Post-Traumatic Stress Disorder

Post-Traumatic Stress Disorder

PTSD affects 3.6% of the U.S. adult population—about 9 million individuals. About 37% of those diagnosed with PTSD are classified as having severe symptoms.

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What Is It?

PTSD a psychiatric disorder that may occur in people who have experienced or witnessed a traumatic event such as a natural disaster, a serious accident, a terrorist act, war/combat, or rape or who have been threatened with death, sexual violence or serious injury.

The Science Behind It

PTSD can occur at any age and is directly associated with exposure to trauma. Adults and children who have PTSD represent a relatively small portion of those who have been exposed to trauma. This difference is not yet well understood but we do know that there are risk factors that can increase a person’s likelihood to develop PTSD. Risk factors can include  prior experiences of trauma, and factors that may promote resilience, such as social support.

Warning Signs

A diagnosis of PTSD requires a discussion with a trained professional. Symptoms of PTSD generally fall into these broad categories:

  • Re-experiencing type symptoms, such as recurring, involuntary and intrusive distressing memories, which can include flashbacks of the trauma, bad dreams and intrusive thoughts.
  • Avoidance, which can include staying away from certain places or objects that are reminders of the traumatic event. A person might actively avoid a place or person that might activate overwhelming symptoms.
  • Cognitive and mood symptoms, which can include trouble recalling the event, negative thoughts about one’s self. A person may also feel numb, guilty, worried or depressed and have difficulty remembering the traumatic event. Cognitive symptoms can in some instances extend to include out-of-body experiences or feeling that the world is "not real" (derealization).
  • Arousal symptoms, such as hypervigilance. Examples might include being intensely startled by stimuli that resembles the trauma, trouble sleeping or outbursts of anger.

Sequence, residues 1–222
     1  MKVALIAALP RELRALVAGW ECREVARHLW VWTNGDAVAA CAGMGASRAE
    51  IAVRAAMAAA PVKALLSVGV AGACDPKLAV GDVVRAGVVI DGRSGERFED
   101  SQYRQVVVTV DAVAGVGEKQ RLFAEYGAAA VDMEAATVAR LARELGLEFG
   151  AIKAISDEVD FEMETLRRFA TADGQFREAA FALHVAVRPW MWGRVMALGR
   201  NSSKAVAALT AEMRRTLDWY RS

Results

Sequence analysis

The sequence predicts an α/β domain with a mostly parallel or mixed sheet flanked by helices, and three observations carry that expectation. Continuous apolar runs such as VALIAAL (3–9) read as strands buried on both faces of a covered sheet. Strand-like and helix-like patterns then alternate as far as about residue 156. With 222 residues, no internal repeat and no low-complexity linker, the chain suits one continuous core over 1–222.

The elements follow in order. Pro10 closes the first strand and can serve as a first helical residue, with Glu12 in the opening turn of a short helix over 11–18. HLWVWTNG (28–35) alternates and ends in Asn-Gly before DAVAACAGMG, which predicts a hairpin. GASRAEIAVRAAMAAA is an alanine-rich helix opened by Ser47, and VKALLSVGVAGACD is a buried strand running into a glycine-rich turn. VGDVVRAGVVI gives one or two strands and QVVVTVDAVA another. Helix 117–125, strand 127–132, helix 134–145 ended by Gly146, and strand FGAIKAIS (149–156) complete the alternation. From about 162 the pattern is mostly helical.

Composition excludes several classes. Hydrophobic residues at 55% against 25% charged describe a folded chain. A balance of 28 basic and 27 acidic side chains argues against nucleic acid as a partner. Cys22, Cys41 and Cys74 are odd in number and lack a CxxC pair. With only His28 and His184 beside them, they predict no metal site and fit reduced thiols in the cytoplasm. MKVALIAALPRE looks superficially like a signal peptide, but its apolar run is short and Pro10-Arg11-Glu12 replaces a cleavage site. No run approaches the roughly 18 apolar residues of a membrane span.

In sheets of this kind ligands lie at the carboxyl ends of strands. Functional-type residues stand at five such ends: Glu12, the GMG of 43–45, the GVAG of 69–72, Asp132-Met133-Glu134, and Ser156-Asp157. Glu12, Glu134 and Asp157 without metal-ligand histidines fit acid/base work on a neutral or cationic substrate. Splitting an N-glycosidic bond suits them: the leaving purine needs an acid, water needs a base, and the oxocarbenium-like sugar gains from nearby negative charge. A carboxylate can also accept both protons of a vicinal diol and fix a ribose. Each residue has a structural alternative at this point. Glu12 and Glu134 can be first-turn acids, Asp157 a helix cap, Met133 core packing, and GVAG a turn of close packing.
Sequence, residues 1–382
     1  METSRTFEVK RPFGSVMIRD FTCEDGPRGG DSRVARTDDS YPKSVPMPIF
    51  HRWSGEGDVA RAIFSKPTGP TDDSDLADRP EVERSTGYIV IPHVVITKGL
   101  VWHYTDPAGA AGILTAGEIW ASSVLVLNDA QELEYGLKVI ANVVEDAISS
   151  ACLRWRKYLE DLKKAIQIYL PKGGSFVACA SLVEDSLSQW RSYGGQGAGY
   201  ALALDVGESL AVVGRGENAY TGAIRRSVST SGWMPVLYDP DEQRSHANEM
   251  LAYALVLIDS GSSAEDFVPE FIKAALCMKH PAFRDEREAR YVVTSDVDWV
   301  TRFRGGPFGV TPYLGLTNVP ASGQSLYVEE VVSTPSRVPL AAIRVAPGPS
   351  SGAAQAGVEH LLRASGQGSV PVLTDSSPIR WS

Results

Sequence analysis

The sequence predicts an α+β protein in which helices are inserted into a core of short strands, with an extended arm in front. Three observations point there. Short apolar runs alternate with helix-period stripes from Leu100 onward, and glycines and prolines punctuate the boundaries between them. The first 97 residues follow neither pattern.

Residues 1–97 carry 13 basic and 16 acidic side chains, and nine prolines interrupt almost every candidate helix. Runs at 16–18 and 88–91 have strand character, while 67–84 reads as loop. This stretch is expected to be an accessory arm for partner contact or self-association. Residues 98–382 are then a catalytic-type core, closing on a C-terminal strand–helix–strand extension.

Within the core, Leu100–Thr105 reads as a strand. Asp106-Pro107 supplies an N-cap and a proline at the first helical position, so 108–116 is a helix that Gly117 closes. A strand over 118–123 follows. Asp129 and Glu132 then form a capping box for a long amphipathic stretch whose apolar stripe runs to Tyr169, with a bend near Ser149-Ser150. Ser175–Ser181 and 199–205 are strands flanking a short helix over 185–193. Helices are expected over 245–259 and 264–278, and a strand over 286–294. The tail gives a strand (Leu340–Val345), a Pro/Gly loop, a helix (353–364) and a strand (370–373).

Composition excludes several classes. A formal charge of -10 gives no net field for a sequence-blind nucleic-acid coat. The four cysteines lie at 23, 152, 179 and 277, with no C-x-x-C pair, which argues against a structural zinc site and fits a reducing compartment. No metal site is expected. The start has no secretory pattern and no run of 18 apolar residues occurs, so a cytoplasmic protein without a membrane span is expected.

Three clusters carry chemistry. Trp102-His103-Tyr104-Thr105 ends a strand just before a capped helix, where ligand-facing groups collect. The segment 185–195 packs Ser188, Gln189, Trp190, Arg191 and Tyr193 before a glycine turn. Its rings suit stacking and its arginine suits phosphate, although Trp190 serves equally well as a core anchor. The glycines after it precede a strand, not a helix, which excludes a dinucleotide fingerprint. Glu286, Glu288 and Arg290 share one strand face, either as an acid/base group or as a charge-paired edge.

Young children can also develop PTSD, and the symptoms are different from those of adults. (This recent recognition by the field is a major step forward and research is ongoing.) Young children lack the ability to convey some aspects of their experience. Behavior (e.g. clinging to parents) is often a better clue than words, and developmental achievements in an impacted child might slip back (e.g. reversion to not being toilet trained in a 4-year-old).

It is essential that a child be assessed by a professional who is skilled in the developmental responses to stressful events. A pediatrician or child mental health clinician can be a good start.

Common Misconceptions

PTSD affects someone immediately after a traumatic ordeal. If time has passed, someone is no longer at risk for PTSD

While symptoms for PTSD often arise within the first 3 months after a traumatic event, many times it takes months or even years for symptoms to appear.

Only military veterans experience PTSD. 



Although Posttraumatic Stress Disorder does indeed affect our war vets; the fact is, PTSD can develop in anyone, including children.

Research tells us that 70% of all Americans within their lifetime will experience some type of major traumatic event. Out of that group, about 20% will develop symptoms of PTSD.

Experiencing PTSD is a symptom of mental weakness; people should just “get over” traumatic events of life

This is a common PTSD myth that can be difficult to combat. While the majority of people who go through a traumatic ordeal do go on to readjust to normal life after a period of time, not everyone can, and it has nothing to do with mental weakness.

Many other factors go into determining whether or not someone goes on to develop Posttraumatic Stress Disorder, including but not limited to:

  • the type of trauma experienced
  • the severity and longevity of the trauma
  • personality traits
  • how the brain releases chemicals to combat stress
  • whether or not the individual experienced childhood trauma
  • whether or not an individual has a strong social support system

Treatments

Though PTSD cannot be cured, it can be treated and managed in several ways.

  • Psychotherapy, such as cognitive processing therapy or group therapy
  • Medications
  • Self-management strategies, such as self-soothing and mindfulness, are helpful to ground a person and bring her back to reality after a flashback
  • Service animals, especially dogs, can help soothe some of the symptoms of PTSD


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Medical Disclaimer: Brain Health Bootcamp aims to promote education and awareness of mental health conditions among adolescents, families, and educators. We publish material that is researched, cited, and drawn from sources reviewed by licensed medical professionals. The information we provide is not intended to be a substitute for professional medical advice, diagnosis or treatment. It should not be used in place of the advice of your physician or other qualified healthcare provider.